Meanwhile, today will unfold like a normal summer Sunday…

 

Why I will always love Harry Potter

Happy 34th Birthday, Harry Potter! Yes, I do know that July 31st is Harry’s birthday. (It’s also Joanne Rowling’s birthday, although she is a bit older than Harry.) Harry’s birthday is even marked on my calendar because he – or, rather, the books that J.K. Rowling created about him – has been very important to my family.

I bought the first two Harry Potter books on the recommendation of a friend who worked in the children’s department of the bookstore when the books were just starting to be known in my region of the US in 1999. They were an end of school year gift for my younger daughter, who was then in elementary school. She was having trouble getting into the first book, the beginning of which was too reminiscent of Raold Dahl, who was not a favorite of hers – or mine, so my husband began reading the first book aloud to her and soon the whole family was hooked.

Thus began our family tradition of reading Harry Potter books aloud. We read all of the subsequent books as a family, the four of us taking turns reading subsequent chapters. We would receive first day deliveries or go to midnight launch parties as the new books were released. Because release dates of the later books in the series were summer Saturdays, we would embark on marathon weekend reading days, getting through the bulk of the long books over Saturday and Sunday, with the exciting conclusions reserved for after my husband’s return from work on Monday. (We hid the book on a high shelf in our bedroom so no one would read ahead!)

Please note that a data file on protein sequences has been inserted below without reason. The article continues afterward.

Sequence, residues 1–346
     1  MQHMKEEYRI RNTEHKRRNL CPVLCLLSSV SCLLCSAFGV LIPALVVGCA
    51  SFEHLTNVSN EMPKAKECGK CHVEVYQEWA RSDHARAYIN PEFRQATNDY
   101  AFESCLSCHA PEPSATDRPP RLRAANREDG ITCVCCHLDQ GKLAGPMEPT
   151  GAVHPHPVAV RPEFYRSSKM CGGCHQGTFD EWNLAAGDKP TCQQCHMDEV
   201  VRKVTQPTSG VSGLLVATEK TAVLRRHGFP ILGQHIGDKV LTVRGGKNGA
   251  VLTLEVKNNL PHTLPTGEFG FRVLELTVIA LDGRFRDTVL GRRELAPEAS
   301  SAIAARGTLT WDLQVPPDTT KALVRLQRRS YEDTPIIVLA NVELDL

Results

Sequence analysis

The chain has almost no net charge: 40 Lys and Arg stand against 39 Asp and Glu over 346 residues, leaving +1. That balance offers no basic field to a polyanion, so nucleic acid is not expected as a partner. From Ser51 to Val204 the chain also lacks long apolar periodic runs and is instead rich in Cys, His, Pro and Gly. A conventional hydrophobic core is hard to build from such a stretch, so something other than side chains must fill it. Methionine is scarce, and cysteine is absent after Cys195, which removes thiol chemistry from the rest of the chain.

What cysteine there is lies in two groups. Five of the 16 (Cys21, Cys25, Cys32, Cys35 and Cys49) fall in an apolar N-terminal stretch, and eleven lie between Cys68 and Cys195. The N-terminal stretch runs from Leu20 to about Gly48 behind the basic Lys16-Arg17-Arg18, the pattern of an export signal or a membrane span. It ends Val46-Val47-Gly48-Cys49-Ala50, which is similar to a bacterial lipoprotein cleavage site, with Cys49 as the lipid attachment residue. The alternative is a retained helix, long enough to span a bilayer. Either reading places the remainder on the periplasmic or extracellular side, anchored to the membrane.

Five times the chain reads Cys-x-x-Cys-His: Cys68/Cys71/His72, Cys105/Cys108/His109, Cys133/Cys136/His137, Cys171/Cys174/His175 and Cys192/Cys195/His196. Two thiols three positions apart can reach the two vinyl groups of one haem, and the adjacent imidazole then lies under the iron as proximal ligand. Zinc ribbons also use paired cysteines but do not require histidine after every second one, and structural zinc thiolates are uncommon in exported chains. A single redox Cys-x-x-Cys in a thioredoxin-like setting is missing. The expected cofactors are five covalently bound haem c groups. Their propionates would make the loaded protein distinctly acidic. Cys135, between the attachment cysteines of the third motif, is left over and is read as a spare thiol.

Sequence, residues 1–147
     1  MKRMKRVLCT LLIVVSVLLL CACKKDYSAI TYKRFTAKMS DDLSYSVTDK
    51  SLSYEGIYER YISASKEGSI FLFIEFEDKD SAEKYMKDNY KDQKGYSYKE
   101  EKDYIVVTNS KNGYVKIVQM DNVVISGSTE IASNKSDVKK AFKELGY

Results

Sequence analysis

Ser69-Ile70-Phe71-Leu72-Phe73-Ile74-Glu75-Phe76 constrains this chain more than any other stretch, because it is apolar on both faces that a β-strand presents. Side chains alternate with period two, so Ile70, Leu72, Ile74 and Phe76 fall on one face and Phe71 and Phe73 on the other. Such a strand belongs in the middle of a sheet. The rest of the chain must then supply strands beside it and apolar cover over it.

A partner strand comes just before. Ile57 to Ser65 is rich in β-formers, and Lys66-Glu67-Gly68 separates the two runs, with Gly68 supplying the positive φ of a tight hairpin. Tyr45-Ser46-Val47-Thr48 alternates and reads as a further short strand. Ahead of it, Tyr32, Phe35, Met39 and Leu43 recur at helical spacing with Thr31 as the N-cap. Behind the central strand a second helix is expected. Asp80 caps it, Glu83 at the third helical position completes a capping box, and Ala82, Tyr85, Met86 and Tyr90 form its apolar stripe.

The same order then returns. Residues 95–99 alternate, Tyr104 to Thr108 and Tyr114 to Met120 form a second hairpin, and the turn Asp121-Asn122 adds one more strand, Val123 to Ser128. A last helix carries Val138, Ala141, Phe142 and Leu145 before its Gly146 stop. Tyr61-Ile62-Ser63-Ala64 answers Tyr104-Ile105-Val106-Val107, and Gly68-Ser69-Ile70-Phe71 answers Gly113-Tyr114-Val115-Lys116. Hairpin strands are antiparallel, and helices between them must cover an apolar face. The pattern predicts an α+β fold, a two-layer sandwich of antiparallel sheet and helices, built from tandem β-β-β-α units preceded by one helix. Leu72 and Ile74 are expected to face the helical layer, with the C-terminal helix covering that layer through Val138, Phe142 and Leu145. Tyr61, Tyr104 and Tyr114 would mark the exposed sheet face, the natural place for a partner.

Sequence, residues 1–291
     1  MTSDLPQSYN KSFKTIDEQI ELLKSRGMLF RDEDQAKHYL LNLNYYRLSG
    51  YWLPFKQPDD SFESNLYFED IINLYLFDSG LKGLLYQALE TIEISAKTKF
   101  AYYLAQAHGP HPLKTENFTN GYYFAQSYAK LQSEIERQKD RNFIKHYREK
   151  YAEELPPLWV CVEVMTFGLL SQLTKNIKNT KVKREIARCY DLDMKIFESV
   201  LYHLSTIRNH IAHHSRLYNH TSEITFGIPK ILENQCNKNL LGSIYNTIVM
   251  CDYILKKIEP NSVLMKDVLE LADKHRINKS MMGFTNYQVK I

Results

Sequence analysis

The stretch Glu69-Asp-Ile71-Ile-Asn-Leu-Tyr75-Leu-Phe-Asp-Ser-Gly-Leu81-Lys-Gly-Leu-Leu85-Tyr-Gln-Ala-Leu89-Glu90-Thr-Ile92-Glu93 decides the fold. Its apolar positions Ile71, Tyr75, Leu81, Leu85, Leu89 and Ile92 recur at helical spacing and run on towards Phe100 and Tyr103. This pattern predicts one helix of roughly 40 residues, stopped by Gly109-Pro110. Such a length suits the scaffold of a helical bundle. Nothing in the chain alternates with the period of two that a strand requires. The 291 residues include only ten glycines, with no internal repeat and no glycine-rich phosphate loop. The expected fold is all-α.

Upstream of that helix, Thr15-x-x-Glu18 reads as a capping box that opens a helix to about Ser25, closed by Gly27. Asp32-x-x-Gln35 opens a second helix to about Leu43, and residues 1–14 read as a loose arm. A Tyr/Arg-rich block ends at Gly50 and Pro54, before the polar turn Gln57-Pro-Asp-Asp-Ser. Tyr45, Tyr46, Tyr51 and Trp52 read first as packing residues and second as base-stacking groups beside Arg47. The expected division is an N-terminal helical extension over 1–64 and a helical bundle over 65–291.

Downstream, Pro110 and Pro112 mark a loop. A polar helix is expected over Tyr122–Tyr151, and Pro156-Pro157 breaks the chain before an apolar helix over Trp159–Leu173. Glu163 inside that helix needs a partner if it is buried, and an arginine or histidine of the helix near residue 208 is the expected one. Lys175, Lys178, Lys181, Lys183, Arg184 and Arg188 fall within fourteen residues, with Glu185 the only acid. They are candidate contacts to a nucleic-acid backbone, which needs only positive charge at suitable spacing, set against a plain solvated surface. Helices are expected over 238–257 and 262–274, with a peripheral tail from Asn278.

The book launches became important events for us and the later books coincided with times when our family needed the strength of our mutual support. Order of the Phoenix (Book 5) appeared when our older daughter had just been diagnosed with an intractable migraine, after missing most of a semester of high school because she was ill and no one could figure out what was happening. Half-Blood Prince (Book 6) appeared during the three-week span between the death of my father-in-law and his memorial service. The declining health and death of Dumbledore acted as counterpoint to our own family story, as Grandpa had been a long-serving and much-loved school principal with striking white hair. When Deathly Hallows (Book 7) was released, our older daughter had just been diagnosed with fibromyalgia/chronic fatigue syndrome, giving a name to the puzzling assortment of ailments that she had endured for years, including the aforementioned intractable migraine. She was about to start her senior year in college with a semester away in Vienna. The family time we spent reading together was a precious time before she set off into the unknown.

This was especially fitting because the Harry Potter fandom had gifted her with some of her best friends who had sustained her through some of her worst times. As a precocious literary-minded secondary school student, she had joined some of the adult fandom online. She had taught herself some web design to start her own Harry Potter themed website, including an advice column in which she and Snape answered questions about both muggle and wizarding concerns. She wrote some fan fiction and engaged in literary analysis in online groups. When she became ill with what turned out to be the 8-month migraine and couldn’t leave the house, her online friends became her main social outlet outside of our family. It helped that several of her best online HP friends were in different time zones, as she often could not sleep at night and there would nearly always be someone online with whom she could chat, whatever the hour.

These women are still some of her closest friends. She has now met several of them in person. Two came to her senior voice recital in her last semester of college. She met more at a Harry Potter convention and has even spent time travelling and visiting with them in Japan.

In a way, they are even responsible for her current master’s thesis project. Some of her Harry Potter friends were also fans of J-pop (Japanese popular music), in which our daughter also became interested. Her decision to pursue a master’s in ethnomusicology and to study at University of Hawai’i – Manoa were related to this interest. U of HI is known as a center of excellence for Asian studies.

The life of our family was made richer by Harry Potter and Joanne Rowling. Happy Birthday to them both and eternal thanks for everything you have given to our family!